Saturday, October 24, 2009

Nursing Home Nurse....

I worked in an old, nursing home right out of school for a few years.  To say it was a trip is an understatement.  I wish I could be more professional and label it something else but that is what it was.  I have to emphasize this because in the end I reported the facility to the state for abuse.  I worked night shift and only saw the aftermath of the abuse.  Mostly bruising.  It seemed excessive but every time we would speak with our supervisors we were met with anger and denial.  One coworker called the Sate of Oregon to report that a resident had informed her of abuse by another staff member.  The resident was so scared and when the state investigator questioned her, she denied saying anything.  The abuser was actually promoted and the staff was threatened.  The owner said "if I find out who wrongfully accused this employee of abuse, your employment will be terminated.  We will not stand for gossip and false allegations anyone who engages in this will be let go."   So, the abuse continued.  Then one day a medication aide said "can I talk to you?"  She told me everything.  She had seen most of the abuse but was too frightened to say anything.  I didn't tell my boss, I called the State of Oregon.  The State of Oregon called the State Police and then I spent hours reconstructing the schedules the abuser worked, the sections of the building he worked in, matched nurses notes and incident reports to the days he worked.  At the end of the initial investigation I worked with a forensic investigator.   Then the attorneys for the families.  Even though someone saw the crimes, I was the chief witness because I was the nurse who could pull all of the pieces together into one picture.  During the time of the initial investigation, our bosses removed incident reports out of the building and they asked the receptionist to shred information.  When I found out I called the State Police.  Search warrants were served on their individual residences and the paperwork found.  The facility lost it's license, families won huge lawsuits, the abuser did 3 years of jail time and the abuse stopped.  It was an experience I will never forget.  The strangest thing was folks were angry at me for calling the State Of Oregon.  The other weird thing is the owner to this day believes it was all BS.  The Director Of Nurses went on to teach CNA classes and work in another nursing home.  During the time this was going on I found my way to the place I work now.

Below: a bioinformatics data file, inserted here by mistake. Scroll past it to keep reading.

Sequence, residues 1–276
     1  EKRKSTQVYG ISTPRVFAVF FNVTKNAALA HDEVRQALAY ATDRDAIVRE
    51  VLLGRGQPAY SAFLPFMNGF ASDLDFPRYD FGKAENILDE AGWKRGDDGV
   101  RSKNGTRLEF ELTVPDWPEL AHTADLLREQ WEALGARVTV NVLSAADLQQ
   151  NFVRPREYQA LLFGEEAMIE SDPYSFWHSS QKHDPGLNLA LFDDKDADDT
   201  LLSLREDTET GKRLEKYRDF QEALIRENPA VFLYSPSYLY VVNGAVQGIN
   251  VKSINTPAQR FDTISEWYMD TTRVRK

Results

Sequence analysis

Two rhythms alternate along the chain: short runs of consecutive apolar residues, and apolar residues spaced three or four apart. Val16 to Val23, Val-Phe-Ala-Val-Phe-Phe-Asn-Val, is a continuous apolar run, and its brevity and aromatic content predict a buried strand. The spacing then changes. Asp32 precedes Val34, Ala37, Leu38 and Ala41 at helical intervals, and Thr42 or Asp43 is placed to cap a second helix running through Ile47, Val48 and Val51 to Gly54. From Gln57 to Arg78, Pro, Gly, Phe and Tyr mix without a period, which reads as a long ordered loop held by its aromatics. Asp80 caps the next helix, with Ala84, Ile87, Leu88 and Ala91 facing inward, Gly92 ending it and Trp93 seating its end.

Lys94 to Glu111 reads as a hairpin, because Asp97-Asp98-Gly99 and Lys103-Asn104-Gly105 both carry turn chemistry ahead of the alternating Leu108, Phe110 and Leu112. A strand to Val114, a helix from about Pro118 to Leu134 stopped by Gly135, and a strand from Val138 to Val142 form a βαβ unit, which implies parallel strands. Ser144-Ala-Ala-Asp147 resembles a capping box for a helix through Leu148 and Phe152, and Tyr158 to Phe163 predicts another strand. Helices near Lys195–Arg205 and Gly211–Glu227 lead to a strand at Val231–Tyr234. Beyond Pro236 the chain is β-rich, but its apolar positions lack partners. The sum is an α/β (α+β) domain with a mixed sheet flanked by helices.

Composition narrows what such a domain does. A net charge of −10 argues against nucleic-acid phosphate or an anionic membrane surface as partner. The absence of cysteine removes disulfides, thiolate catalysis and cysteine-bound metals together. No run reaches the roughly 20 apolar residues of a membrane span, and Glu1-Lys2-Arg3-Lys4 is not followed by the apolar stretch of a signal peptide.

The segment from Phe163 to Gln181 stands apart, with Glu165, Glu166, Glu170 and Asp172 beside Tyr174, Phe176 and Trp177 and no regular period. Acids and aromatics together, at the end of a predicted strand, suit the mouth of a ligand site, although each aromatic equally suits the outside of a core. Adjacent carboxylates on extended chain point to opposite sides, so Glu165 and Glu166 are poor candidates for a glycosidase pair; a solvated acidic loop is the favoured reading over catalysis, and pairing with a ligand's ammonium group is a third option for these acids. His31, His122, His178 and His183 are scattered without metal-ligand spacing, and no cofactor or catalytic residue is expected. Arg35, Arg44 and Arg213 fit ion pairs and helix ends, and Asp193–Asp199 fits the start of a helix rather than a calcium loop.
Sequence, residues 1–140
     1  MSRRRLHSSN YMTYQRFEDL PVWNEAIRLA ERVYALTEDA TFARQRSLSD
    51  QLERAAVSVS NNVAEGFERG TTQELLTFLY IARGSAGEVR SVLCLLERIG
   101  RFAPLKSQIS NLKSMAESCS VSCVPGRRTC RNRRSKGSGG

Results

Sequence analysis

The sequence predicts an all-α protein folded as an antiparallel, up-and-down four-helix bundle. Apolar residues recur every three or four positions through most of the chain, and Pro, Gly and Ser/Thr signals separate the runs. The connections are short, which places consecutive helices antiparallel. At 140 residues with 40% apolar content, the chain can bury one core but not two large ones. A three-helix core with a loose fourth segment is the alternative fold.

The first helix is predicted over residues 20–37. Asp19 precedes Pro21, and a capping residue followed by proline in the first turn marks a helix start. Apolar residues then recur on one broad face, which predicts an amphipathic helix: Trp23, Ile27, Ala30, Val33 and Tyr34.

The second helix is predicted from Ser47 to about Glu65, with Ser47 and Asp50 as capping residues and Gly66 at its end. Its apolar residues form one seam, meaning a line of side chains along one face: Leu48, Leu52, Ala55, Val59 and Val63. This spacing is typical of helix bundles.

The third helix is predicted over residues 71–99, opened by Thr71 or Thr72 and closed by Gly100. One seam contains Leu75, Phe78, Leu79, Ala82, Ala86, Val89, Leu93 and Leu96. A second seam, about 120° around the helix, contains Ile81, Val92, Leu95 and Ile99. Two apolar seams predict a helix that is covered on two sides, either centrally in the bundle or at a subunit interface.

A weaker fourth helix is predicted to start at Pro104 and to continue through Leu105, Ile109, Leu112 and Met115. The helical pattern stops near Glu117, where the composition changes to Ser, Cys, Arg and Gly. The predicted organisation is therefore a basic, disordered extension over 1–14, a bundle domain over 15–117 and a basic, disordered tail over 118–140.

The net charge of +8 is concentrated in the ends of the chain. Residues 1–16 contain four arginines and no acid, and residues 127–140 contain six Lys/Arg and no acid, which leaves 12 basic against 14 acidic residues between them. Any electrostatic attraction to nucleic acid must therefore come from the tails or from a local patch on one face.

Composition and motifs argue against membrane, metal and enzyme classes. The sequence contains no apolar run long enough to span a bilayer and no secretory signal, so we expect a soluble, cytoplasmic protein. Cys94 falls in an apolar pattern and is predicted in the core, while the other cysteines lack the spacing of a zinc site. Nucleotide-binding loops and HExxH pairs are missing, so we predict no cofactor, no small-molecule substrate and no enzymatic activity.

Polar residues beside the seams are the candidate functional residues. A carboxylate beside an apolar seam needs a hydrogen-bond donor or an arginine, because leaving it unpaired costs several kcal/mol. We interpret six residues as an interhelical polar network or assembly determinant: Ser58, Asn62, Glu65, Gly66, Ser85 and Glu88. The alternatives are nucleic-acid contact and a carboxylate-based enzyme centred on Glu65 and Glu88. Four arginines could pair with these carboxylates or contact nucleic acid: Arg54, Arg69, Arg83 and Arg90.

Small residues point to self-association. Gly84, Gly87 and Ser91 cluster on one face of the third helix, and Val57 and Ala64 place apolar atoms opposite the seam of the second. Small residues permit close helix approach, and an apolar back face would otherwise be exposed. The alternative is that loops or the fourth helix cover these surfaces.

Monday, October 5, 2009

Do No Harm

I promised in my heart when I was going through Nursing School, I would "do no harm". Three words but amazing depth. Harm can be purely negligent or it can be something small. For example walking by a patient/resident quickly because there was a phone call waiting, and not saying "hello". This simple act may have caused the patient to feel sad and unappreciated. To me that is harm.

I talk to our caregivers about a heart to heart connection. I now believe on some level that if people don't have it with our residents, they will not be successful in their job. How do you instill that feeling? How do we open their eyes to the fact that caring for another person is the most precious gift they can give.

I was sitting in church one day. (you rarely find me talking about religion here but bear with me) I was late for work and the service was running over. My mind was wandering and I was probably thinking "hurry up, hurry up". Then the pastor said "you are serving God though your labor". Of course I sat up and paid attention. He spoke about work and how we serve God if we work with our hearts connected to our heads. I thought "wow, he is right". How else better to serve than take care of the meek, the frail and sick?